Don’t get me wrong, I’m a big fan of that thing Steven Soderbergh does. The multi-thread, many-limbed, back-and-forth action thing that worked so brilliantly in Traffic, totally seduced us during Ocean’s Eleven and felt a bit sterile during Contagion ; it’s his style and heck, there are certainly worse ones out there. The fact that his suit-em-and-shoot-em skills are once again prevalent in action-fest Haywire isn’t the problem, the problem is that he’s chosen the wrong girl for the job. And, believe it or not, I mean that as a compliment to newcomer Gina Carano. Sort of.

The Muay Thai champion plays Mallory Kane – an agent-for-hire who is known throughout the shady government dealings world as a woman who always gets her man. And when we say get, we mean kill. And when we say kill, we mean punch in the face until he dies. Stomping her way around the world with naught but a gun and her thighs with which to get justice done, we meet her undertaking a contract from sometime lover Kenneth (Ewan McGregor) to rescue a journalist in Barcelona. And if there’s one thing Mallory loves doing, it’s punching men in the face until they die, closely followed by rescuing journalists.

When she gets there, Channing Tatum shows up, and makes noises to the effect of “hmmm woman woman, do we need this woman”, and then Gina runs really fast and it’s all fine. After smashing the Barcelona mission, Kenneth sends Mallory to Dublin for reasons that are explained very hastily, as everyone can tell the audience will be a bit irritated at the fact that the central conceit has yet to come into play. Once there, Mallory is HORRIBLY BETRAYED by the very agency she’s working for, and screams “THIS IS THE CENTRAL CONCEIT” into a Blackberry before utterly destroying Michael Fassbender with her arms and her legs.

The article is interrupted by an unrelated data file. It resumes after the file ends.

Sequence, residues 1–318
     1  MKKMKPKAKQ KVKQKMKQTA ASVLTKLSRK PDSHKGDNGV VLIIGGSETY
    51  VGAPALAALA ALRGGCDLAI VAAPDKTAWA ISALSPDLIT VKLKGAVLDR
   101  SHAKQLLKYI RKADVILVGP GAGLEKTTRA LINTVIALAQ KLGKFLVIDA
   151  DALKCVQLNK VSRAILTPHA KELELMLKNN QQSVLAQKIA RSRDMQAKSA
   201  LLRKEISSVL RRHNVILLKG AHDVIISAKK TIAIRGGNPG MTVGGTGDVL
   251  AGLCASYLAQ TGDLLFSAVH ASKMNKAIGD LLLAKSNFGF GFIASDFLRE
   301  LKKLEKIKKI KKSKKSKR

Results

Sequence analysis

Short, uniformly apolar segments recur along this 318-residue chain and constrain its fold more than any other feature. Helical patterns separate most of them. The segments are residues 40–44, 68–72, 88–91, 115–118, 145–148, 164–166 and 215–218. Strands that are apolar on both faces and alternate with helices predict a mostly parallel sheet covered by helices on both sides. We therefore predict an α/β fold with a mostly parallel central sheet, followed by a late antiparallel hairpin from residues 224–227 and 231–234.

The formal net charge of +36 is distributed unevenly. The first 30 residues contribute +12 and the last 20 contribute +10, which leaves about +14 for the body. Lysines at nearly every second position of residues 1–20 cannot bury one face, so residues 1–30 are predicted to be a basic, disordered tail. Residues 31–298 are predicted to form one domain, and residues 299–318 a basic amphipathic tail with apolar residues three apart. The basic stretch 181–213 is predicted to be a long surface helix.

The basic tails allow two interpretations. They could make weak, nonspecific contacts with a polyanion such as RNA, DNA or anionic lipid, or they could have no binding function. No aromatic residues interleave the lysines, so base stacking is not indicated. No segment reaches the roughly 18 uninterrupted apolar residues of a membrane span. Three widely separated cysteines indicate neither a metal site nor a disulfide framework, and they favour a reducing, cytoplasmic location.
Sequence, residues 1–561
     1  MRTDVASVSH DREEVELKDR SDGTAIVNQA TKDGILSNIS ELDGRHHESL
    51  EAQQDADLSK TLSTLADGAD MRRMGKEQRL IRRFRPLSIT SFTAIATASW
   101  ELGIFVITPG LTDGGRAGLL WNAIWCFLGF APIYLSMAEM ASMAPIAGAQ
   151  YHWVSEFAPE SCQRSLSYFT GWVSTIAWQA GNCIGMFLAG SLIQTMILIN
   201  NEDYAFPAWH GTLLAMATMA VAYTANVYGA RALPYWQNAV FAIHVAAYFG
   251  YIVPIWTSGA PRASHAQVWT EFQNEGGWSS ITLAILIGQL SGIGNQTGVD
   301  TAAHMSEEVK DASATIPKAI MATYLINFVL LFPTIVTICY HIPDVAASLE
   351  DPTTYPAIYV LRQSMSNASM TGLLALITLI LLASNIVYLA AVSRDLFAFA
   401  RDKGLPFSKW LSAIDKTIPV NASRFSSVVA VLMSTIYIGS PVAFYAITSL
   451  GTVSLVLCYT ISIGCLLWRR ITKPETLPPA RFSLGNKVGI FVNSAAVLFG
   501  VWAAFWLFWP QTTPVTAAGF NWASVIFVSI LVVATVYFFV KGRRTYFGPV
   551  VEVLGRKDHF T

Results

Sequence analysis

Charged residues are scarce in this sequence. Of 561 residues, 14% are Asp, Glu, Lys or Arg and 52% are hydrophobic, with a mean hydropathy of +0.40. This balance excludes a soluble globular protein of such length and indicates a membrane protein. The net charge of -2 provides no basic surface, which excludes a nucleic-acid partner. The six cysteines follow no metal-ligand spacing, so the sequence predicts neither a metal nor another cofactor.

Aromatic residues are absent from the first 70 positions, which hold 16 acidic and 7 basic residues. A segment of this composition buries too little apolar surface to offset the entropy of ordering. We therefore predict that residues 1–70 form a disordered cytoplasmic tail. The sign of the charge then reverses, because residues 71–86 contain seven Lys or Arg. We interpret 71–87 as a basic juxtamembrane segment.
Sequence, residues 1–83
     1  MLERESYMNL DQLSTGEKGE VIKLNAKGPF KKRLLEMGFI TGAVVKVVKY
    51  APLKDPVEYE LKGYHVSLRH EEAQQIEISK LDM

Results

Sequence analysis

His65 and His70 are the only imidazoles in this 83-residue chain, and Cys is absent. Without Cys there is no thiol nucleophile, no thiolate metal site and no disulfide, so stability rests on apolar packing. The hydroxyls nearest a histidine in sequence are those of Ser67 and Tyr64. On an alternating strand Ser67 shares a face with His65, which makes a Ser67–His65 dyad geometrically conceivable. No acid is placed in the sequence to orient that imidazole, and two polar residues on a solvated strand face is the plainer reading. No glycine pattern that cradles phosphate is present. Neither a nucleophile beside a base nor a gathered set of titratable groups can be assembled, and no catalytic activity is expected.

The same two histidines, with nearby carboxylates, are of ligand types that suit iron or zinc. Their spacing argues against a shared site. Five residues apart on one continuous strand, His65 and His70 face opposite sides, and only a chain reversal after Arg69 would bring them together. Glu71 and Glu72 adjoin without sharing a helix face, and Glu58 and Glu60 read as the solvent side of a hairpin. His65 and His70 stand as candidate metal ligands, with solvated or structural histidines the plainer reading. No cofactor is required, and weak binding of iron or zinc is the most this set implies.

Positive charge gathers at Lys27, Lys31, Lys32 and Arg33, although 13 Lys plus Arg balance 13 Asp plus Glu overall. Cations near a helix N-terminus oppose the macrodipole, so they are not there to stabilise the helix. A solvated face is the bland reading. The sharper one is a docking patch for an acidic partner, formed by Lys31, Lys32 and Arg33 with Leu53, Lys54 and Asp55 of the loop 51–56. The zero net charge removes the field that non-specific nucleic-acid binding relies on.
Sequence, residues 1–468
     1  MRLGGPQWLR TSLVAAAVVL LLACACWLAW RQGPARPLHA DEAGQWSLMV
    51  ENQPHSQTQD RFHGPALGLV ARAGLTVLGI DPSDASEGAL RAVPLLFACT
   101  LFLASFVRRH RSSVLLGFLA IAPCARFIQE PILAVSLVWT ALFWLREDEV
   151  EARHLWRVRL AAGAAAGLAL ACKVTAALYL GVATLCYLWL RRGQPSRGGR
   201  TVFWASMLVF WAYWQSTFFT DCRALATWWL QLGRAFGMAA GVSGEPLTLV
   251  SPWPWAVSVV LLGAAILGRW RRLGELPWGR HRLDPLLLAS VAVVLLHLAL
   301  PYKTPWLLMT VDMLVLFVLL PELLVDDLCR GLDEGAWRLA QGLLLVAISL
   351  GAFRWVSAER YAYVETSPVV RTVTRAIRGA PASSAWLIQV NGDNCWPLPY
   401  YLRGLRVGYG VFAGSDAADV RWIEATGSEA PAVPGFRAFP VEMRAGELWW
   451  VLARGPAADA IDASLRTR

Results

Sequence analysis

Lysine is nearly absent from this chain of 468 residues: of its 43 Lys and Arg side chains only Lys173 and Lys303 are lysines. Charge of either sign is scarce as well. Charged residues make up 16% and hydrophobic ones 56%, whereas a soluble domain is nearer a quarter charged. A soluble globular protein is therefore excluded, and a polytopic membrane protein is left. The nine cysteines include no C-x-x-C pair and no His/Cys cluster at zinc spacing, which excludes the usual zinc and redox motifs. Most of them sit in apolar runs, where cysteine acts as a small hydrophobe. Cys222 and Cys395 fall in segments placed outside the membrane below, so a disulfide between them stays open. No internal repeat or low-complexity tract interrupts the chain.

From then on, Haywire juggles its two objectives – letting Gina Carano beat people up and showcasing lots of famous men with different facial hair – to create a pretty much nonsense tale of… maybe betrayal? Betrayal and, like, conspiracy and stuff? But with men in suits sometimes, but also sometimes just with a woman falling off a ledge and it looking like it REALLY hurt. It doesn’t matter, look at Gina pull herself up onto a roof! She did that with her strength! The problem is that Gina’s natural talents – running and fighting, just so we’re, oh you got it – don’t necessarily translate to speaking wry Steven-Soderbergh-esque dialogue, and though there’s no denying her natural physical charisma, it all goes a bit Arnie-in-Terminator-2 when faced with scenes that require any emotion whatsoever.
Supposedly tender exchanges between Mallory and her Dad have all the poignant resonance of a motorbike ploughing into a horse, and by the time she’s trying to show anything other than thinly veiled disgust for Channing Tatum, you just want someone to smooth down her wires, pat her on the bolts and tell her that she doesn’t have to feel anything that isn’t there. David Holmes’ Ocean’s 14 score doesn’t help either; its sassy, confident jazz riffs only serving to undermine the easy charm that Carano’s Mallory just doesn’t have.

The thing is, Soderbergh is so used to concocting slightly stylized, star-packed block-busters that when someone like Gina Carano comes his way, he treats her like Philip Noyce treated Angelina Jolie in Salt – ie, like she’s Angelina Jolie. What this genuinely interesting action performer needs is a stripped back script, a metal stick and two hours going to town on some inner-city drug-weasels – putting her next to a tarted up Michael Douglas in an aircraft hanger for LITERALLY NO REASON just serves to highlight both Carano’s awkwardness and Soderbergh’s innate love of classy artifice over grisly reality. That’s not to say that there isn’t good fun to be had with this film – the fight sequences are genuinely refreshing and it’s always nice to see a film where Antonio Banderas has two different beards, but with lots of talent all pointing in different directions, Haywire never quite manages to seize control.

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